Was Canada's health care the problem?

March 27, 2009|By Cory Franklin

Could actress Natasha Richardson's tragic death have been prevented if her skiing accident had occurred in America rather than Canada?

This is a legitimate question because of how Canadian and American medical care differ. Canadian health care de-emphasizes widespread dissemination of technology such as CT scanners and quick access to specialists such as neurosurgeons. While all the facts of Ms. Richardson's medical care haven't been released, enough is known to pose questions with profound implications for both countries.

Ms. Richardson died of an epidural hematoma, a bleeding artery between the skull and brain that compresses and ultimately causes fatal brain damage via pressure buildup. With prompt diagnosis by CT scan, and surgery to drain the blood, most patients survive. Could Ms. Richardson have received this care? Where it happened in Canada, no. In many American resorts, yes.

Ms. Richardson sustained what appeared to be a trivial head injury after falling while skiing without a helmet at Mount Tremblant in Quebec. Within minutes, she was offered medical assistance but declined to be seen by paramedics. Some have attributed the reason her case was untreatable to this delay, common in the early stages of epidural hematoma when patients have few symptoms. It's not unusual to face this type of delay, and there is reason to believe her case wasn't beyond hope at that point. About three hours after the accident, the actress was taken to a hospital 25 miles from the resort, where she was said to be conscious upon arrival.

The initial paramedic assessment, travel time to the hospital and time she spent there were nearly two hours - the crucial interval in this case. Survival rates for patients with epidural hematomas, conscious on arrival to a hospital, are good. Ms. Richardson's evaluation required an immediate CT scan for diagnosis followed by either a complete removal of accumulated blood by a neurosurgeon or a procedure by a trauma surgeon or emergency physician to relieve the pressure and allow her to be transported.

Sainte-Agathe-des-Monts is a town of 9,000 people. Its hospital doesn't have specialized neurology or trauma services. It hasn't been reported whether the hospital has a CT scanner; CT scanners are less common in Canada. Compounding the problem, Quebec has no helicopter services to trauma centers in Montreal. Ms. Richardson was driven to a trauma center 50 miles away in Montreal - a further delay of over an hour.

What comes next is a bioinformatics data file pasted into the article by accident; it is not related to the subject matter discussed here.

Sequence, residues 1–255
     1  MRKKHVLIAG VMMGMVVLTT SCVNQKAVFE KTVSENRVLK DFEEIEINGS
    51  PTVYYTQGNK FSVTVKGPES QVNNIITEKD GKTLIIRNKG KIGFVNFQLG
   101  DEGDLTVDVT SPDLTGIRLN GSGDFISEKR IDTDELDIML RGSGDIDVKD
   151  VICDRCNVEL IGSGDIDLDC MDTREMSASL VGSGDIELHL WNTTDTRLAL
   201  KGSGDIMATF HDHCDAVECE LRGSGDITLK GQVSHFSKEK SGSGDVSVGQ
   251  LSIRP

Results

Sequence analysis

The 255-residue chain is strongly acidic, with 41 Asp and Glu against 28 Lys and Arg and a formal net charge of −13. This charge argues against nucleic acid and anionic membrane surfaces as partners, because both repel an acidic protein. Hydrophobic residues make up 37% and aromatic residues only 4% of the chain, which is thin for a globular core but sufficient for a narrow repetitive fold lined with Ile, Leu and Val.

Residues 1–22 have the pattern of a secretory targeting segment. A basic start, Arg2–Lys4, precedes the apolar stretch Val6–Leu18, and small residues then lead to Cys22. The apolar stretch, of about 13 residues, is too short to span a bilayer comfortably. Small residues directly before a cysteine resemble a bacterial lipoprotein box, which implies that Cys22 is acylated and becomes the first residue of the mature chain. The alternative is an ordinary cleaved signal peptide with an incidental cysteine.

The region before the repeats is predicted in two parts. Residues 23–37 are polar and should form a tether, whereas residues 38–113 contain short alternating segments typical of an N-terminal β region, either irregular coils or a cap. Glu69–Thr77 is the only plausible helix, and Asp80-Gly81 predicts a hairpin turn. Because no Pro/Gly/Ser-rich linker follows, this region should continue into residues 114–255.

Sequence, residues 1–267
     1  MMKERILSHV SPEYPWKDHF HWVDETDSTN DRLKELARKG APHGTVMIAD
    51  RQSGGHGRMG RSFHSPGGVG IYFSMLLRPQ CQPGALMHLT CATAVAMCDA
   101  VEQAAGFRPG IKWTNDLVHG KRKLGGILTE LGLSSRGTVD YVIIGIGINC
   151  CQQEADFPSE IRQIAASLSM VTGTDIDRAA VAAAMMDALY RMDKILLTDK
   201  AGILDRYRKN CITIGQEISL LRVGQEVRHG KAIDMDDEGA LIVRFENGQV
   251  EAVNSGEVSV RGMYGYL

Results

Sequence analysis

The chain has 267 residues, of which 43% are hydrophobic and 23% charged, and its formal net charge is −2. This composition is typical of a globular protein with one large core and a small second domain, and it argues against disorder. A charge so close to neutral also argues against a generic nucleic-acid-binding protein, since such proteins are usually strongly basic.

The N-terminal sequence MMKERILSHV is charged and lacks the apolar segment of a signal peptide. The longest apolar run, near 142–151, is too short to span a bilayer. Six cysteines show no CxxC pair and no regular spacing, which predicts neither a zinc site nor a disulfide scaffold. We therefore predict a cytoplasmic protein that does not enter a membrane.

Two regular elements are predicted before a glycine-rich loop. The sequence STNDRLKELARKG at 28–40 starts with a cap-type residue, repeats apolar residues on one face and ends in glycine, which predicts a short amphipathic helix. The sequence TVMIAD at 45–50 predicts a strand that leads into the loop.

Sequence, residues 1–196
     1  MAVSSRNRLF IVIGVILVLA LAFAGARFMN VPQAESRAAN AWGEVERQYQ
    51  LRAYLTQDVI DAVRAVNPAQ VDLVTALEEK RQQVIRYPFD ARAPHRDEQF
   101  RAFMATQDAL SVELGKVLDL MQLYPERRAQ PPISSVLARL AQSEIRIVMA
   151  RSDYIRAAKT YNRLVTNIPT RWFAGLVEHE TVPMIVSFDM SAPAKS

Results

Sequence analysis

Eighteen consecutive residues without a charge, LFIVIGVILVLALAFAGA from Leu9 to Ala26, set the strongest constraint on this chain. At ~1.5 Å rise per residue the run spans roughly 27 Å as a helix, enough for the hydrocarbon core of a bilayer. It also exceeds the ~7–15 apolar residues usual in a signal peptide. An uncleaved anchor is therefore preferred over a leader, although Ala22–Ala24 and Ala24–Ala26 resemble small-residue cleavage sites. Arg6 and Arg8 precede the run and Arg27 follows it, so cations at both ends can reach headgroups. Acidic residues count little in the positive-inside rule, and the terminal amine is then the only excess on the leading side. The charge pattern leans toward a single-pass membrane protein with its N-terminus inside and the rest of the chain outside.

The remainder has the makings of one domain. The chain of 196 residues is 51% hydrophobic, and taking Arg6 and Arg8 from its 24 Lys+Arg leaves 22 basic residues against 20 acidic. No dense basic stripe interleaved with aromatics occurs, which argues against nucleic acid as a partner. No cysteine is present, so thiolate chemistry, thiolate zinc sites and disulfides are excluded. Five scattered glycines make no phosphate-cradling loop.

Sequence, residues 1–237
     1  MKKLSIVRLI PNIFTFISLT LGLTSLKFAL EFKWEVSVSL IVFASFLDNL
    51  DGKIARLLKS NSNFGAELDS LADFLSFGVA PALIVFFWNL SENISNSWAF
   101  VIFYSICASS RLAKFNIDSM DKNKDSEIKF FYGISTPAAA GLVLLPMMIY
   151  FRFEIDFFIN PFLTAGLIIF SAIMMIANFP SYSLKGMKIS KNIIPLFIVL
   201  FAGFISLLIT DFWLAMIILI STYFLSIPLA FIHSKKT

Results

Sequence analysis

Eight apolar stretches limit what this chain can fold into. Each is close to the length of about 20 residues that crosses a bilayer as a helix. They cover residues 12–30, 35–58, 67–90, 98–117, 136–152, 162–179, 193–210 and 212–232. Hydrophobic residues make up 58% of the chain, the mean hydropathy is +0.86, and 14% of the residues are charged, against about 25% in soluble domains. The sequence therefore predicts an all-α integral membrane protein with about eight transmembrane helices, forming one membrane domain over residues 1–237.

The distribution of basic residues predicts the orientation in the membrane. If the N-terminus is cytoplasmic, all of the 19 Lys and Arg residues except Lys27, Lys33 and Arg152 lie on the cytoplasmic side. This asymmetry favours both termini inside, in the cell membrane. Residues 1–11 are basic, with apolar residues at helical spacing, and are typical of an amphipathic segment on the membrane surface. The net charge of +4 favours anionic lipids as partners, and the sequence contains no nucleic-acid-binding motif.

Because she didn't arrive at a facility capable of treatment (with the diagnosis perhaps still unknown) until six hours after the injury, in all likelihood by that time the pressure buildup was fatal. Her initial refusal of medical care accounted for only part of the delay. Her death might have been prevented if the hospital had the resources to diagnose and institute temporizing therapy or air transport had taken her quickly to Montreal.

What might have happened at an American ski resort? According to a colleague who has worked at two major Colorado ski resorts, the same distance from Denver as Mount Tremblant is from Montreal, things would likely have proceeded differently.

Assuming Ms. Richardson initially declined medical care here as well, once she did present to caregivers that she was suffering from a possible head trauma, she would have been immediately transported by air, weather permitting, and arrived in Denver in less than an hour. If this weren't possible, in both resorts she would have been seen within 15 minutes at a local facility with CT scanning and someone who could perform temporary drainage until transfer to a neurosurgeon was possible. If she were conscious at 4 p.m., she most likely would have been diagnosed and treated about that time, receiving care unavailable in the local Canadian hospital. Her chances of surviving would have been much greater in the U.S.

American medicine is often criticized for being too specialty-oriented, with hospitals duplicating too many services such as CT scanners. Those criticisms ignore cases where it is better to have resources and not need them than to need resources and not have them.

Cory Franklin is a physician who lives outside of Chicago. This article originally appeared in the Chicago Tribune.

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